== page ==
Gameplay and difficulty settings

by Jason Sams, lead developer

This month I’d like to show how players will be able to customize their gameplay experience when starting a new game. We previously showed the character customization screens for new games, and now we can show the first draft of the gameplay and difficulty screens.

First I want to talk about how we handle PC deaths on a mission. A death of the commander will always be a game-over event, where you will have to reload from a save (unless in Ironman mode, in which case the saves will be destroyed when Commander dies).

For the remaining members of the party, we’ll be implementing three options. The first (already done) is permanent PC death. This means that if a player character dies on a mission, they are lost for the remainder of the game. Now this may be considered very harsh by some players, so we will have two less severe options.

Spy DNA (64-bit DebugGame PCD3D_SM5)  2019-05-30 16_44_20.png

The first is cloning. If a character dies on a mission, they are lost for the remainder of the mission, but once you return to base, their clone will be thawed and they may continue on, sans any experience from that last mission.

The third option replaces death with being critically wounded. The PC can be rendered unconscious on a mission, but will recover once you return to base.

Next thing I want to talk about is the ability to adjust the randomness of skill and attribute checks. This will impact things such as lock picking, disarming traps, charisma checks, etc. We will give the player the ability to adjust the “fuzziness” of these checks. At one extreme, full deterministic, if your skill is greater than the check difficulty you always succeed, if it’s less you always fail. At the other extreme, skill checks are highly randomized, and luck and skill will have roughly equal weight.

The remaining gameplay options are about the type of missions you will be given, and the amount of time you’ll have to complete them. For non-storyline missions we have a pool of mission types available at any point. The sliders for mission intensity and map size will bias the selection from that pool, so the side-quest mission you see will be weighted towards the mission types you prefer.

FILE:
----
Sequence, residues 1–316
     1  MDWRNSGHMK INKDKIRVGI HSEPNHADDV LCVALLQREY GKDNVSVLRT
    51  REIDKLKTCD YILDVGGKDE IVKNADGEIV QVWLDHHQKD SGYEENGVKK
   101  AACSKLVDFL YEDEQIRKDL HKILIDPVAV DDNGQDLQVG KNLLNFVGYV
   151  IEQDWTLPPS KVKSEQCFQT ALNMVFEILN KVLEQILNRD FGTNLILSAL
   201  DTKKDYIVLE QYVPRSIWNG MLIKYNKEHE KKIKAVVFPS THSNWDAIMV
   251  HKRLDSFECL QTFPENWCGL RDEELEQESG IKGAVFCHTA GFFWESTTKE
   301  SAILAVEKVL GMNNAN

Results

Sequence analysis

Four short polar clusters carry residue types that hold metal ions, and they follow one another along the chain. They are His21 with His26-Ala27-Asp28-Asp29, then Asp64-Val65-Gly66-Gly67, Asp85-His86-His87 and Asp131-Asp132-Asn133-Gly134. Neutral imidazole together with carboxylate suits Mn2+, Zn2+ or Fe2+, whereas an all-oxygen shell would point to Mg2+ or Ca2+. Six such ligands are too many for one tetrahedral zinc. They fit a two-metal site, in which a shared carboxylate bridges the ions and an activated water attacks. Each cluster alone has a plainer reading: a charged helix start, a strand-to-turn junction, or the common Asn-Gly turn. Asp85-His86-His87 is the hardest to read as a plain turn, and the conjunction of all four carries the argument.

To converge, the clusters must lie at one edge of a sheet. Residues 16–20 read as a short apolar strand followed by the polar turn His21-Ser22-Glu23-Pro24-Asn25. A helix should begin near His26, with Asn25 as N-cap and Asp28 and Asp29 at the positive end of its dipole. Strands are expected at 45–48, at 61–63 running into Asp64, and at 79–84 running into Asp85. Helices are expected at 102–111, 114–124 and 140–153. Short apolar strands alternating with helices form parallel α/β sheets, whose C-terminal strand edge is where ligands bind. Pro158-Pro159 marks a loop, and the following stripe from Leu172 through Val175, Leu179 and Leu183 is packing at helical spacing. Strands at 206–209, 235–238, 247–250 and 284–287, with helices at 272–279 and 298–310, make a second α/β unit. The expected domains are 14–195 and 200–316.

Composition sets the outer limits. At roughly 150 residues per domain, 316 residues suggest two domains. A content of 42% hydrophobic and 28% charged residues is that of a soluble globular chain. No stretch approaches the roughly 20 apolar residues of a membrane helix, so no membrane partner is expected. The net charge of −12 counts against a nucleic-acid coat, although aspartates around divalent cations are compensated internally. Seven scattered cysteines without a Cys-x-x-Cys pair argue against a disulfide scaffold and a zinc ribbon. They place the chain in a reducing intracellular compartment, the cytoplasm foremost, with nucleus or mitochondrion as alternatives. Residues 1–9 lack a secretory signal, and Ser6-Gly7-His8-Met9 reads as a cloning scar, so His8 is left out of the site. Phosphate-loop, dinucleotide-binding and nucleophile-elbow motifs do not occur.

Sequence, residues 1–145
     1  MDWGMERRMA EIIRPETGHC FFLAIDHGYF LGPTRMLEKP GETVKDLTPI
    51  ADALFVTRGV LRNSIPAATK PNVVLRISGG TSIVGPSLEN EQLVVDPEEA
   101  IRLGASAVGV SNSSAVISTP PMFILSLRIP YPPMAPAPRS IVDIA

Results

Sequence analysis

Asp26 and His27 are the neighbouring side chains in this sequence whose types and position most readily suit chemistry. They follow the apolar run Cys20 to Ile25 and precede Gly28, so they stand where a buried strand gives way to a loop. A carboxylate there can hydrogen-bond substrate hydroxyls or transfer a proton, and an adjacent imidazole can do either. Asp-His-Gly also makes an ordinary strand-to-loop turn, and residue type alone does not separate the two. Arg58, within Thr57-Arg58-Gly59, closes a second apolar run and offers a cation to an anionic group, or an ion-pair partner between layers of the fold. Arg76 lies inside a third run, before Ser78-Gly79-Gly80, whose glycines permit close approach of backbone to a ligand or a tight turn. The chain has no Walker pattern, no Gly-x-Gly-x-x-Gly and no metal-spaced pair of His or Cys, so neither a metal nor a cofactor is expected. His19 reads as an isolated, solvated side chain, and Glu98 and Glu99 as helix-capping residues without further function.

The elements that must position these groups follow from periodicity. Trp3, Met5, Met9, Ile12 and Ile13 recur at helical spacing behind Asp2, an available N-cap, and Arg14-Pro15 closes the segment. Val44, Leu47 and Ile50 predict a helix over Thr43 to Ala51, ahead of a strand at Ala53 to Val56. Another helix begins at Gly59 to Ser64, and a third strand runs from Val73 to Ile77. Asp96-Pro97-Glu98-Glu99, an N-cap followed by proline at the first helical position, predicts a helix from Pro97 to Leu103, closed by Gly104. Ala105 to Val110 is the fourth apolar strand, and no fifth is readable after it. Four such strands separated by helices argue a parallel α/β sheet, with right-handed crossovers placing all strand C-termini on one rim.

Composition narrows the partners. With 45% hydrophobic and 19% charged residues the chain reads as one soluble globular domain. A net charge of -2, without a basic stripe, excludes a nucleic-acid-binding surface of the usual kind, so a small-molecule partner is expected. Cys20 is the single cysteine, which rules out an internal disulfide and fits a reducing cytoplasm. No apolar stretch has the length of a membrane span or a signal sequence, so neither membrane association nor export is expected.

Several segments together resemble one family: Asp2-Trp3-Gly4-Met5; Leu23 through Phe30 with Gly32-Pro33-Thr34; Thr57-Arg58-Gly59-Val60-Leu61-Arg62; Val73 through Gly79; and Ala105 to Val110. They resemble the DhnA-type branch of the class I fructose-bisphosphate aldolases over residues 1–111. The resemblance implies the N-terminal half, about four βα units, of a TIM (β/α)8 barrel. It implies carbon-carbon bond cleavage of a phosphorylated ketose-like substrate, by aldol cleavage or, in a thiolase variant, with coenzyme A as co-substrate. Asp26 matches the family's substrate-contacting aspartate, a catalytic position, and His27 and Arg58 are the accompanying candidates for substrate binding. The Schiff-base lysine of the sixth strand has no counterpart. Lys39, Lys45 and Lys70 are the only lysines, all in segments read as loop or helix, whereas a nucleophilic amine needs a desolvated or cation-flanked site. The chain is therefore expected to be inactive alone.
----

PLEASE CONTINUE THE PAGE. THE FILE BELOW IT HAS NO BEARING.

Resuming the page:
Now for difficulty, we have talked about Spy DNA being a combat simulation. We want to maintain that feeling on both the difficult and easy modes. We do this by not altering the basic combat system, or adjusting the enemy AI. Instead we can adjust the strength of the player and the enemies.

Spy DNA (64-bit DebugGame PCD3D_SM5)  2019-05-30 16_45_19.png

For player characters, we allow some change in toughness. We do this by altering the strength of the genetic enhancements the character receives.

We also provide an adjustment for the starting skills and skill learning rate. Effectively this acts as an XP multiplier allowing the players to progress more or less quickly. The effect of both of these will be minor.

The last thing that affects the PCs is a “bad luck” adjustment. We give the player the ability to curtail random catastrophic events in combat. We do this because with a true combat sim, a bad luck event, such as getting shot in the head, is usually lethal. This will have three settings, “no one-shot kills,” each PC gets one exception per mission, and realistic.

The final knob we have for adjusting the difficulty is similar to the player options, but applied to the NPCs. You will have the option to adjust how good of equipment the NPCs get, both armor and weapons-wise, and how skilled they are.

We feel these difficulty settings will work better with our mission design, instead of adding more enemies or trying to vary the intelligence of the enemy AI.

Next month, luck pending, we will have another gameplay loop video. We want to re-play the same mission we showed before with all the progress we’ve made on map generation, AI, and attack types.